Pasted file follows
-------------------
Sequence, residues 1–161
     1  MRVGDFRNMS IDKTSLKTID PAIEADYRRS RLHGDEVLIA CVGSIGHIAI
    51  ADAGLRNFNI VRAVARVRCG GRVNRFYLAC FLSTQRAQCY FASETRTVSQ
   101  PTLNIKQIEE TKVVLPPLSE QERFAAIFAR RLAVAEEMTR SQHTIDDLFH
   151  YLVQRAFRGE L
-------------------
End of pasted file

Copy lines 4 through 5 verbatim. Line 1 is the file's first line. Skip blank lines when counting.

   101  PTLNIKQIEE TKVVLPPLSE QERFAAIFAR RLAVAEEMTR SQHTIDDLFH
   151  YLVQRAFRGE L